About this church
Whoever you are and whatever you believe, you are welcome. People have worshipped here for centuries, seeking a closer relationship with God. This large fine Grade I listed building, is situated just off the town centre, tucked away behind the main shopping street.
The church tower is a prominent landmark as you approach the rural market town of South Molton, from any direction. The town has a long history, much of it closely connected with the churches that have occupied the site. The town grew around the site of the church in the Middle Ages.
The current building was built in the late 15th century. With large stunning stained glass windows, mostly Victorian and connections to St John of Bridlington, this church is a visit to be inspired by the beauty and peace of the building.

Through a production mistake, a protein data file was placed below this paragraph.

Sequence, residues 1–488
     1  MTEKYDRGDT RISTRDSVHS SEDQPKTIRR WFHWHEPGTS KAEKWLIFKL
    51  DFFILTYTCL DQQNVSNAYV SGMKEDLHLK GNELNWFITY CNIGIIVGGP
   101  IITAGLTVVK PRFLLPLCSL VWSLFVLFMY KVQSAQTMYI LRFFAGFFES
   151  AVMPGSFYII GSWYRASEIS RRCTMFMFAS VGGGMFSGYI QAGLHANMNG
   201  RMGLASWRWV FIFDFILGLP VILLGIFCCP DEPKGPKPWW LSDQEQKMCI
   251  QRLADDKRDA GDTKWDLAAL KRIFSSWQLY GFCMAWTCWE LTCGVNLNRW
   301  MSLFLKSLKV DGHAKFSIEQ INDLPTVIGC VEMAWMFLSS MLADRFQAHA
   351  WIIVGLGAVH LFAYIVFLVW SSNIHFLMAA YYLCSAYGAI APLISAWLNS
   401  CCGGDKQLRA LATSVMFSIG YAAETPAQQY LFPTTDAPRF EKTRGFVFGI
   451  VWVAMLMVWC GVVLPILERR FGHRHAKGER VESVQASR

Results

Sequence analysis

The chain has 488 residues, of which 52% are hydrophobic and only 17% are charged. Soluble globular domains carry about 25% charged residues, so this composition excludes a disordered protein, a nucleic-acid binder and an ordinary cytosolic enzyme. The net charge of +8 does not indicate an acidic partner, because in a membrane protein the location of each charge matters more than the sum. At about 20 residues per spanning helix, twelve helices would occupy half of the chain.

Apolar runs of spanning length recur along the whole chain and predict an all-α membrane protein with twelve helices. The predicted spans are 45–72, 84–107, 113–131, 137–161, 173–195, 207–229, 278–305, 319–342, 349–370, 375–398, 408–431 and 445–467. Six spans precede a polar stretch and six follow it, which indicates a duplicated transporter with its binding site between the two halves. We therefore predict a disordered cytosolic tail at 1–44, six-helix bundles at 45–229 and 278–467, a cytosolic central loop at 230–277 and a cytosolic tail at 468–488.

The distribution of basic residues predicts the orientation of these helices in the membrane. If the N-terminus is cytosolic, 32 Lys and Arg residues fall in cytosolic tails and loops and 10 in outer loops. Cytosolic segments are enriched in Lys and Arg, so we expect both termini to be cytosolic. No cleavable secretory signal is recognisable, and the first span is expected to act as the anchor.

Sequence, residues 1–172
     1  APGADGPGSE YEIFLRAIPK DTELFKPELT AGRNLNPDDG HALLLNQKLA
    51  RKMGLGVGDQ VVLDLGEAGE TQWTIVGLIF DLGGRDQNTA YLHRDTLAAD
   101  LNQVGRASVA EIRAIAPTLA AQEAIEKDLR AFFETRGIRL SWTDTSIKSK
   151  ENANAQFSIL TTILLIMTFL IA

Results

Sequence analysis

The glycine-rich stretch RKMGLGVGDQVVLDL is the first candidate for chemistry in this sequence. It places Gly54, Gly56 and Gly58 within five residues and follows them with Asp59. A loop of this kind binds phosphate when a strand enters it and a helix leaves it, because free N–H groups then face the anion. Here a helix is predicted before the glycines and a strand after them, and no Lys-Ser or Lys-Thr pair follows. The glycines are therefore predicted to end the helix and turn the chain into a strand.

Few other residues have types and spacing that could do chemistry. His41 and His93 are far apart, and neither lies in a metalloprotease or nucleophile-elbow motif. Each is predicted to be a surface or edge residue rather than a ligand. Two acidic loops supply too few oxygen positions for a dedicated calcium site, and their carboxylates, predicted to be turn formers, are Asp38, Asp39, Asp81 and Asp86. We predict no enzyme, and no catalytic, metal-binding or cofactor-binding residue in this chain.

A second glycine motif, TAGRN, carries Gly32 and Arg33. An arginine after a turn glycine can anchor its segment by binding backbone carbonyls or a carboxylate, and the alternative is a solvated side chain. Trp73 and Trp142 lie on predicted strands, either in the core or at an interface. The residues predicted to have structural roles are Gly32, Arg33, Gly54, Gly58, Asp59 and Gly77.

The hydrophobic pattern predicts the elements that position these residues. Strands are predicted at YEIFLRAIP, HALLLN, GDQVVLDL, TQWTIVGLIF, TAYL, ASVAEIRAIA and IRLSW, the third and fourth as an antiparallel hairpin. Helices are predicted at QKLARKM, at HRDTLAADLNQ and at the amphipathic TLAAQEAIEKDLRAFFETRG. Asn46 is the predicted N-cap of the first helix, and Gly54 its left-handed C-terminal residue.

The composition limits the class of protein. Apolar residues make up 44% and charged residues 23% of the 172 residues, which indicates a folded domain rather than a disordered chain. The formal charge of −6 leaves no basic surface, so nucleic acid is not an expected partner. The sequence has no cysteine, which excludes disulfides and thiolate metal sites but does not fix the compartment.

It is said that following the English civil war, there was an attempted rebellion against the rule of Oliver Cromwell. Rebel leaders in the south west roamed the region recruiting supporters to their cause. Despite numbering 300-400 they found themselves cornered by a single troop of the well trained New Model Army, and were defeated after a three hour fight through the streets of South Molton on 14th March 1655. Royalist Sir Joseph Wagstaffe managed to escape by jumping his horse over the churchyard wall on the north side of the church. In 1930 a gate was added to this wall to make access easier, and to this day it is known as Wagstaffe’s Gate or the Wagstaff Gate.